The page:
Addressing Critical Knowledge Gaps in Newborn Health


By Pragya Vats on April 16, 2015

Photo: The Centre for Catalyzing Change

Empower citizens and see the difference

Meera Devi is a ward member from Muzaffar district in Bihar. She admits that when she was first elected she did the basic work. When she got reelected, she had a chance to take the women’s leadership programme by the Centre for Catalyzing Change. She learned a lot more about rights and entitlements. Today Meera is an active voice on issues ranging from education to women’s empowerment.

“I realized how much more I can do, and the power I had in influencing change for my people,” said Meera at the Citizen Hearing in Delhi, the national capital, “Today I dream with my eyes open. Change is possible.”

Over 150 people joined Meera, including government representatives, media, community representatives and civil society members. The White Ribbon Alliance, The Centre for Catalyzing Change, Plan, FPA India, IPPF, Save the Children India, World Vision India, action/2015 and partners helped to organize the event.

Geeta Regar, former Sarpanch (village head) from Rajamand, Rajasthan, is another inspiring example of a catalyst for change whom also underwent a similar programme as Meera on rights and entitlement. During her tenure, Geeta noticed that participation of communities and women in particular was very minimal.

“Engaging women was the start, it was important to engage families – men, mother-in-laws,” she said.

One of the first things she did was to ensure a functioning primary health centre. Women either delivered babies at home or had to travel far to facility. She started with delivery room.

“When I heard the first cry at the birth in that room, the happiness was unparalleled. It became my mission that every woman will have a safe delivery and every child will have a healthy start.

She took people along in her mission. And there we had indeed a healthy start.

Leave no woman, no child behind

If statistics are to go by, every year as many as 44,000 Indian women die needlessly during pregnancy and childbirth, and 1.3 million children in India lose their life every year due to preventable causes.

Today, the world is at the brink of a major breakthrough to ensure mothers, newborns and children everywhere survive. If there is one place to trace the seeds of this brewing revolution it is India.

India has witnessed dramatic a decline of maternal mortality of 70 percent between 1990 and 2012. The staggering number of newborn deaths has been reduced from 327 per 100,000 live births to 167 per 100,000. In the same period child mortality in India has come down to 52 per 1000 lives from a whopping 114. Speaking at the hearing, Dr Rakesh Kumar, Joint Secretary, Reproductive and Child Health, Ministry of Health and Family Welfare said that the keyword is ‘preventable deaths’, the fact that we still have women, newborns and a child dying is somewhere the failure of the system towards people. He stressed the need to draw lessons learned from India’s successful polio campaign.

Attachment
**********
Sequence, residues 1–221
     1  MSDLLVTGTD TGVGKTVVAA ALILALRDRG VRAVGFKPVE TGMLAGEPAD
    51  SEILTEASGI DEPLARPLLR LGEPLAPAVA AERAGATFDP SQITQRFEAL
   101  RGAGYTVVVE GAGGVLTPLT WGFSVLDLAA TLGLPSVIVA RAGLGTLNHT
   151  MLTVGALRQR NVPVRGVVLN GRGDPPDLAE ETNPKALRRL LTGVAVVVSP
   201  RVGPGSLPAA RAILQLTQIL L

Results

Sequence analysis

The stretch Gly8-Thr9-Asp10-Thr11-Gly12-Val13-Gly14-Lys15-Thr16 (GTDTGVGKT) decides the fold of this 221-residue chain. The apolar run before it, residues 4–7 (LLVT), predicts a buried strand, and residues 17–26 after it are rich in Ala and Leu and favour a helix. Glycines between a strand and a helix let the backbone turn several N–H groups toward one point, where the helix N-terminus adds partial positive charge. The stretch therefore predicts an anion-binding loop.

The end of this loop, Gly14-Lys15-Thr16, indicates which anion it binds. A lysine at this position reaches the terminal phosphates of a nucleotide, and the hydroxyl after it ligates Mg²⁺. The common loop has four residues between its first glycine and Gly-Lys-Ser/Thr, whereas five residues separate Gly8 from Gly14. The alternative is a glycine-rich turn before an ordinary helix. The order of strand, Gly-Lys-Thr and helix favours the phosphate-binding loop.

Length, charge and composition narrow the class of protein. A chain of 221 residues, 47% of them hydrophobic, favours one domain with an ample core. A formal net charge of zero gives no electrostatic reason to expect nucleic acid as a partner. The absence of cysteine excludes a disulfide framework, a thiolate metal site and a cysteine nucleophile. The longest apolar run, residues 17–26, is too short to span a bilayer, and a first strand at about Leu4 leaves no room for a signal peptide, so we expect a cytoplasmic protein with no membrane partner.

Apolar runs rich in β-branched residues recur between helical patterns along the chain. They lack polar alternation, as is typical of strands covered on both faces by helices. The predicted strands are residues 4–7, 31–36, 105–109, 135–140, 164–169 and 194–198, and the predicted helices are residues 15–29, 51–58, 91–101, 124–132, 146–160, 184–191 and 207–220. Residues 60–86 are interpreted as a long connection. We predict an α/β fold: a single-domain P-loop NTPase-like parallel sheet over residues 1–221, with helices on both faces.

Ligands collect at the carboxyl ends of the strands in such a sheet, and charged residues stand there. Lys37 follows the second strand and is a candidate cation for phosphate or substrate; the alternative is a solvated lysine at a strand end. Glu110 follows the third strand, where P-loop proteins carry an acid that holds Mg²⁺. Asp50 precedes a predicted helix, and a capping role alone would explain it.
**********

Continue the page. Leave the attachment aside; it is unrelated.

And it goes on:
“We have lots to learn from the polio eradication campaign. But most important was the people’s participation, people’s engagement. That was the key to mitigate challenges on ground,” he stressed, “Citizens engagement is critical for generating demand from the communities. Just the availability of services is not enough.”

Dr. Aparajita Gogoi, National Coordinator for the White Ribbon Alliance India. Photo: The Centre for Catalyzing Change

The year 2015 - an opportunity for people and planet

As the Millennium Development Goals (MDGs) agreed to in the year 2000 are to expire at the end this year, there is an opportunity to approach the next set of goals differently.

2015 is a turning point, with the Sustainable development Goals (SDGs) replacing the MDGs. There are clear opportunities to influence mechanisms for greater citizen engagement in the next round of proposed goals, at the local, national and global levels.

What will truly set apart the next development framework from the preceding one is engaging citizens in not just setting the goals but also in realising them more meaningfully than ever before. The collection of Citizen Hearings is one such significant step in including the voices of people to inform the global and national development agenda for the next 15 years.

Political will must pave the way

More than ever before, there is an deliberate effort to take the closed door discussion on next set of goals to wider civil society engagement, from ivory towers to people.

As Raghav Chaddha, spokesperson of Aam Admi Party (AAP) said at the Citizen’s Hearing, “The principle of Swaraj (self rule) recognises the role of people in identifying their problems and also solutions to their problems.”

Setting the stage for dialogue on participatory governance, Raghav Chadha, Spokesperson, AAP, spoke the participatory budget development exercise initiated by AAP and said that the vision of the party is to “Move from a parliamentary democracy to a participatory democracy. Creating accountability structures, citizens’ engagement for policy making, the AAP government is working to include citizens through the Mohalla Sabhas (neighbourhood meetings) and the newly developed Delhi Dialogue Council,”